Link to the paper.
Of course, without experimental verification, Page and Wooter's ideas are little more than a philosophical curiosity. And since it is never possible to have an observer outside the universe, there seemed little chance of ever testing the idea.
Until now. Today, Ekaterina Moreva at the Istituto Nazionale di Ricerca Metrologica (INRIM) in Turin, Italy, and a few pals have performed the first experimental test of Page\Wooters ideas. And they confirm that time is indeed an emergent phenomenon for 'internal' observers but absent for external ones.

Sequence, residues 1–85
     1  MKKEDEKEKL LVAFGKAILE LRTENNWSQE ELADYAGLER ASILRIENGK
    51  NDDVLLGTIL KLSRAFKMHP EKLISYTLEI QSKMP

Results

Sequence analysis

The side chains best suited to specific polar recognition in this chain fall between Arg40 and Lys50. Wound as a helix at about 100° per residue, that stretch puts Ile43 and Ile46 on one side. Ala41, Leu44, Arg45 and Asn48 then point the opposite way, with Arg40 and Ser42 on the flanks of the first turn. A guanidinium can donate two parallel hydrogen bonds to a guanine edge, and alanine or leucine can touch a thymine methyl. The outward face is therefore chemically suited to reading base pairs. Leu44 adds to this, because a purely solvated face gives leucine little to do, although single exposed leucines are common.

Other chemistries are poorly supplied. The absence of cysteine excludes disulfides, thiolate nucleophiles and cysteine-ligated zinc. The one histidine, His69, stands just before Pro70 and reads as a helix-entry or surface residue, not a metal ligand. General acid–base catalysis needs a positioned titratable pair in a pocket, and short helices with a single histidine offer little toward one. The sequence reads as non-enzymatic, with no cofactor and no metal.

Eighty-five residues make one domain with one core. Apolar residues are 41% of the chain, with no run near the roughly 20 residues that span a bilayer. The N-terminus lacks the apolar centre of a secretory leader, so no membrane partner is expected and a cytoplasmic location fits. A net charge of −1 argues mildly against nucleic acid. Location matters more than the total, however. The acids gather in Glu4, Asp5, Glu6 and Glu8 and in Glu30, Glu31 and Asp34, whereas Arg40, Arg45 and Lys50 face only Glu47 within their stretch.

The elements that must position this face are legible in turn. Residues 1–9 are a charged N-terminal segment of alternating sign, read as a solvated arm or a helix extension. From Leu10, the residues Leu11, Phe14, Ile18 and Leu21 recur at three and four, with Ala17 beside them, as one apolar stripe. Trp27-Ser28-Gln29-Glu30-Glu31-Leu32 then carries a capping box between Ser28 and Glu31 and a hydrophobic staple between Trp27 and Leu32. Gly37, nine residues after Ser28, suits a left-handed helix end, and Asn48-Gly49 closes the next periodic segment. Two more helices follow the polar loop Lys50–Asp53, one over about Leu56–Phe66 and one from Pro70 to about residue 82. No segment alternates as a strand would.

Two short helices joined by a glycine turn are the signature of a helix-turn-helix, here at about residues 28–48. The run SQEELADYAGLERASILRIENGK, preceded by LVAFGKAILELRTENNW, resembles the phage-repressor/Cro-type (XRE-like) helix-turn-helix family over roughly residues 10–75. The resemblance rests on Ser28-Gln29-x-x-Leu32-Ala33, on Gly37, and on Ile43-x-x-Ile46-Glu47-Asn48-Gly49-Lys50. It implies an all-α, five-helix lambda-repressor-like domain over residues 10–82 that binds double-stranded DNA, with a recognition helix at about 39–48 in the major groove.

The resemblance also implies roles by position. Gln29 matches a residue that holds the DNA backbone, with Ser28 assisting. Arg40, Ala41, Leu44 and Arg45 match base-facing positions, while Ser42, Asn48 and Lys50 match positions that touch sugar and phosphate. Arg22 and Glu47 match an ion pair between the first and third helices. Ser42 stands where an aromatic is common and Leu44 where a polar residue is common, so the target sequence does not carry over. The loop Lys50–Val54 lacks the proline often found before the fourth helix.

In the last years several theoretical papers discussed if time can be an emergent propertiy deriving
from quantum correlations. Here, to provide an insight into how this phenomenon can occur, we
present an experiment that illustrates Page and Wootters' mechanism of \static" time, and Gambini
et al. subsequent renements. A static, entangled state between a clock system and the rest of the
universe is perceived as evolving by internal observers that test the correlations between the two
subsystems. We implement this mechanism using an entangled state of the polarization of two
photons, one of which is used as a clock to gauge the evolution of the second: an \internal" observer
that becomes correlated with the clock photon sees the other system evolve, while an \external"
observer that only observes global properties of the two photons can prove it is static.